Source: Upfluence

You should also check the quality of their comments. 

If you see hundreds of people saying “Nice post,” or “🙌 awesome” repeatedly, these are most likely dummy comments.

Have a look at influencer Rei Germar’s engagement. As someone with 1.2 million followers, a post below gets approximately 140,000 likes — very close to the 1.21% average engagement rate of mega influencers.

Source: @reigermar

#NinjaTip: If you’re unsure of your analysis of an influencer’s engagement, you can use a free tool like HypeAuditor to sniff out influencers with fake followers. 

2. Overwhelming the influencer 

Fashion influencers are inundated with hundreds, if not thousands, of outreach emails. Don’t complicate things by having multiple people reach out to the same person simultaneously. 

If you’re running a small fashion boutique alone, this shouldn’t be a problem. But if you’re running a large fashion brand campaign, assign one person to conduct public relations outreach with potential influencers. This will help you avoid redundant cold calls and keep your messages on point. 

It’s also a good idea to be creative when reaching out to influencers. 

Don’t limit yourself to email and cold calling! We recommend tapping influencer networks, digital marketing agencies specialising in influencer marketing, and referrals from other fashion brands. 

3. Not asking influencers the right questions

Screen influencers the way you would screen new hires. Any fashion influencer you work with should be relevant to your brand and have a history of authentic promotions, legit followers, and a bonus record of being easy to work with.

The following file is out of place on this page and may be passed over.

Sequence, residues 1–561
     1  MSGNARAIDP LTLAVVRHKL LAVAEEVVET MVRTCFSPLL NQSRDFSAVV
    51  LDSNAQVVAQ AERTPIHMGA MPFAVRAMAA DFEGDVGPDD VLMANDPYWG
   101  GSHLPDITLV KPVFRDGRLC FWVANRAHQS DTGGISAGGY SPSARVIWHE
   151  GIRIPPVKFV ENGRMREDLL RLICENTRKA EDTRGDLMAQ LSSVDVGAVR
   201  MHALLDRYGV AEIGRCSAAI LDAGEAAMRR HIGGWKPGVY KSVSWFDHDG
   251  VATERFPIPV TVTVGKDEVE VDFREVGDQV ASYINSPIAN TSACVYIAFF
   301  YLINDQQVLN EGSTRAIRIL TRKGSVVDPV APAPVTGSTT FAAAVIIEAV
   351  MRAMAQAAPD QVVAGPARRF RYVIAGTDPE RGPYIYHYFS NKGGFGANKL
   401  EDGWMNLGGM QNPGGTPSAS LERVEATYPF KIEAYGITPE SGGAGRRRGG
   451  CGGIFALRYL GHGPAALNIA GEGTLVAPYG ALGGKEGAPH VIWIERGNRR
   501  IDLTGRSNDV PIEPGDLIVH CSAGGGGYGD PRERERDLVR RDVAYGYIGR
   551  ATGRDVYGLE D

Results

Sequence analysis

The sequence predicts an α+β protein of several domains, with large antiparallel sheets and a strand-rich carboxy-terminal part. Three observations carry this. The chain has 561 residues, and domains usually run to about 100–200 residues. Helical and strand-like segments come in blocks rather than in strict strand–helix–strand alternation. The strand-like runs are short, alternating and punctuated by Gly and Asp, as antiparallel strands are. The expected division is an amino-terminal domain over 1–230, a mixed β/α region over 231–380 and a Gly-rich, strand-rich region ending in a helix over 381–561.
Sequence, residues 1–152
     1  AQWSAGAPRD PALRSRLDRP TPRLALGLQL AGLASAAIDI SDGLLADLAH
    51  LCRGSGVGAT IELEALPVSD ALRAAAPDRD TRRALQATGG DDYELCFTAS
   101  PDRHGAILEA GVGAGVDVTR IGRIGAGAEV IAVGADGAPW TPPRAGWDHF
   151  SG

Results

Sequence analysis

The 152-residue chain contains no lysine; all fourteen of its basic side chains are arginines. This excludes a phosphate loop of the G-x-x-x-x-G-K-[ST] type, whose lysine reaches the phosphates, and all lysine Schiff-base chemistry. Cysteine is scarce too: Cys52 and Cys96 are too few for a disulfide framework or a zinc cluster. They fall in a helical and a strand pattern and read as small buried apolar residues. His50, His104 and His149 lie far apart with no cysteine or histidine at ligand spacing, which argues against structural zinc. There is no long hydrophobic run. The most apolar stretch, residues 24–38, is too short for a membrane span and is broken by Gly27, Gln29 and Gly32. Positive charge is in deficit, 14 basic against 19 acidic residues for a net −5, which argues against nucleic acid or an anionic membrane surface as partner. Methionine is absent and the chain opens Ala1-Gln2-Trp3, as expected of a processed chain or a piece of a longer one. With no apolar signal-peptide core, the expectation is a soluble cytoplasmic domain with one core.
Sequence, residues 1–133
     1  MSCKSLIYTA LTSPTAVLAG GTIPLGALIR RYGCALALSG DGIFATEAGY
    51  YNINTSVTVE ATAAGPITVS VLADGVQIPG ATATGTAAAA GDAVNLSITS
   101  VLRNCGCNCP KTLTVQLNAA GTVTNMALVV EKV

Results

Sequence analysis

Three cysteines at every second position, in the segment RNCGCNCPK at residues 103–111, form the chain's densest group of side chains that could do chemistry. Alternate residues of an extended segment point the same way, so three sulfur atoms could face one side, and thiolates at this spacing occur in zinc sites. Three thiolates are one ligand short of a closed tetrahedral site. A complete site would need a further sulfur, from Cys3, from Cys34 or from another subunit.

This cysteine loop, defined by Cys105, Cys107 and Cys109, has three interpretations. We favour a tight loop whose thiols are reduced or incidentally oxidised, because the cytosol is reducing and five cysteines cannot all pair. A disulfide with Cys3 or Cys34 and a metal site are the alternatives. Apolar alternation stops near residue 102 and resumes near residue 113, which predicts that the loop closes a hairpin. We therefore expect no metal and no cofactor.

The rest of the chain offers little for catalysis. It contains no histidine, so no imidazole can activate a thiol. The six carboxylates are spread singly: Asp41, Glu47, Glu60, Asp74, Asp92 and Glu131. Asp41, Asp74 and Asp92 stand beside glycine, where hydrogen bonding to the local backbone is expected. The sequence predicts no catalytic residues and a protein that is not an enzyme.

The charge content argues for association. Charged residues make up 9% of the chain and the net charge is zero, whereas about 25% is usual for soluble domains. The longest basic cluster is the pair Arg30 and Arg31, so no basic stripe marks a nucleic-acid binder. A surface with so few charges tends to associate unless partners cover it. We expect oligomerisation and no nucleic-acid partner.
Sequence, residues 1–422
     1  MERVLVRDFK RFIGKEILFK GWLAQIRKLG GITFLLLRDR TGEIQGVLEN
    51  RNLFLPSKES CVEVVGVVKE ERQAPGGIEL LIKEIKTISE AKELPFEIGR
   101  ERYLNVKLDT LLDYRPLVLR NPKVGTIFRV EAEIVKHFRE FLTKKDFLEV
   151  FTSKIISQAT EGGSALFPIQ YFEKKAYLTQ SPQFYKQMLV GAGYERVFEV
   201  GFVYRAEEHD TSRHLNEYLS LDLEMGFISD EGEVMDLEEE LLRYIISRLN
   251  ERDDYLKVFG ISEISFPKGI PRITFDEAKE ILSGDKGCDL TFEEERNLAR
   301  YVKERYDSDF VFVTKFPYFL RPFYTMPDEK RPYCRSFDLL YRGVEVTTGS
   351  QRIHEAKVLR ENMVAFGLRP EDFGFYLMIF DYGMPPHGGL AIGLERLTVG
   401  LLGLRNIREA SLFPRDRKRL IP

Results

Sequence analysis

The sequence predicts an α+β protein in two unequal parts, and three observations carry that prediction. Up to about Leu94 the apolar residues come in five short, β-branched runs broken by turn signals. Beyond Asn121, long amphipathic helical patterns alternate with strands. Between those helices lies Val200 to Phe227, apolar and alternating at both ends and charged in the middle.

Once you’ve identified an influencer who’s interested in working with you, you can ask them screening questions, such as:

  • Who’s your target audience?
    • Are they mostly men or women?
    • What are their primary interests? (Naturally, they’ll answer “fashion,” but dig deeper)
    • How do you create content that aligns with their interests?
    • What posts resonate with them the most?
  • Have you heard of my brand? (Working with someone who’s already a fan of your products will make things much easier)
  • What’s your engagement rate?
  • What are your values? What things do you believe in? Do you support any social causes?
  • Have you worked with my competitors? How did the audience respond to your sponsored posts?
  • How many platforms do you use?

Knowing the answers to these questions is how you align your marketing objectives with a potential influencer. For example, if you want to work with voice-over artist Inka Magnaye, knowing her audience and values will help you know if the product you wish to promote is consistent with her image. 

Source: @inkamagnaye

#NinjaTip: It’s a good idea to ask for a fashion influencer’s public relations kit, usually covering this information. 

4. Setting idealistic goals and expectations

It’s not enough to look for an influencer, pay them to feature your product, and call it a day. 

To know if your influencer marketing campaigns are working, it’s important to set proper goals for impressions, reach, and clickthrough rates. This makes it possible to evaluate your strategy’s effectiveness and know if you’re getting any return on investment from an influencer.